I have a friend from Edinburgh who now works as a private consultant (on enormous money) for the Home Office. The story he paints is of a world gone mad; armies of senior civil servants (many of whom are officially “retired” and on their second or third jobs!) all on eye watering salaries and achieving precisely nothing or as close to it as makes no difference.

      London is sucking the economic lifeblood from the rest of the country and in the process hovering in an endless supply of cheap labour from just about everywhere but the UK hinterland. I passed by Highbury & Islington tube station a couple of nights ago as the maintenance crews where waiting for the start of shift, not a word of English amongst the fifty or so lot of them.

      My eyes were opened when I spent three years at Bradford in the late 1980’s. Coming from a background of unquestioning Left assumptions I had to confront the reality that much of what I had casually assumed was sheer balderdash. Here was a community (Pakistani) that had NO interest whatsoever in integration but instead viewed the host as would a parasite, pure and simple – a place to generate money (legitimately and much more importantly illegitimately – heroin, confirmed by my time behind bars), no more no less. In one of your previous podcasts Donald Adamson “observes” that Scotland has an enviable record on race relations, he then goes on to note that the country has a relatively small “ethnic” population but in a wonderful example of Left cognitive dissidence concludes that these two factors are unrelated. Believe me they are not, and please I’m no racist – my business partners are both black; a Nigerian and a Jamaican. Passing judgement on the efficacy of large scale immigration from the (ultimate) ivory tower of Cambridge University takes balls of pure brass.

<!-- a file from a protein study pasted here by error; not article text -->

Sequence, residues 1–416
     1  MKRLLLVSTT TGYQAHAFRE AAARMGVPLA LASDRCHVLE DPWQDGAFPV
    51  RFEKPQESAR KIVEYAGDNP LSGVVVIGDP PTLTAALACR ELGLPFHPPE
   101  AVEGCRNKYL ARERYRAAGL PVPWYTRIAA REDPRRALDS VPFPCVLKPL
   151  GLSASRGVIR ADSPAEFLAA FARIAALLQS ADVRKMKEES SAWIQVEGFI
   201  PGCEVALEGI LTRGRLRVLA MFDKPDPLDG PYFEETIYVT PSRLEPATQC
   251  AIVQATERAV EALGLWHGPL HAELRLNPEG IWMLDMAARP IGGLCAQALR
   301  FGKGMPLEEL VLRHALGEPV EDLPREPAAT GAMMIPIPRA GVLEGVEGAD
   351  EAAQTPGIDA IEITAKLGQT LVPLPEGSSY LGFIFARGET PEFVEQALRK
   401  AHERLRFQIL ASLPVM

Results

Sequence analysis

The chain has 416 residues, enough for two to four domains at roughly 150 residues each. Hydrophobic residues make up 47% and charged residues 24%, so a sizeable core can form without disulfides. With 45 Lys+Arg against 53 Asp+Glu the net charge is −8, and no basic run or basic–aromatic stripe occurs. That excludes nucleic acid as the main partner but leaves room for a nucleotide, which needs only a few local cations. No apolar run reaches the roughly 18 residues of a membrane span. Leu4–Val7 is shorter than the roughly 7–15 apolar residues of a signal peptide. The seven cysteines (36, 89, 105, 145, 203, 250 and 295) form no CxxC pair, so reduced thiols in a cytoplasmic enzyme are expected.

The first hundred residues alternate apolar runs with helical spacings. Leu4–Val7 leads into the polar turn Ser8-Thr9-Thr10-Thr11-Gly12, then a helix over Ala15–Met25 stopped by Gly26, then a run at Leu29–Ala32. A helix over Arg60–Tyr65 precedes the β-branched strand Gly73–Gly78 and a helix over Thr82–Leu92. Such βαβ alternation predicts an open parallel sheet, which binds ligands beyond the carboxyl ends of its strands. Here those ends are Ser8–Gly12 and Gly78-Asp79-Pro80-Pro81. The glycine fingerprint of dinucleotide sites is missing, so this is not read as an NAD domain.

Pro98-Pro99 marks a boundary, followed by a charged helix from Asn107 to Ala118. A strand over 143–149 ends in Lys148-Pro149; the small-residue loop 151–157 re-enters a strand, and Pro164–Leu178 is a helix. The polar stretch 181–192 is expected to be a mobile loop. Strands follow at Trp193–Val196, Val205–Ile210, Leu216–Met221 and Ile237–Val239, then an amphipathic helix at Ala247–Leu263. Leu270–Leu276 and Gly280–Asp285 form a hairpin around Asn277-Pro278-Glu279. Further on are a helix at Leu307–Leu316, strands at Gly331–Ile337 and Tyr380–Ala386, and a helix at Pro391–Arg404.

In the week I left Edinburgh I went into Morrisons on Ferry Road, almost all the staff were Indians, serving a rat bag collection of the finest of Scotland’s underclass. This is MAD, the former need to get back to their country of birth and help it attain its potential, the drink sodden shits clutching their Giro’s need to be swapped around and put behind the counter. Governance from SW1 will never achieve this, the only hope is the that from EH1 will deliver.

      I’m angry but I have ever right to be.

      All the best and keep up the good work.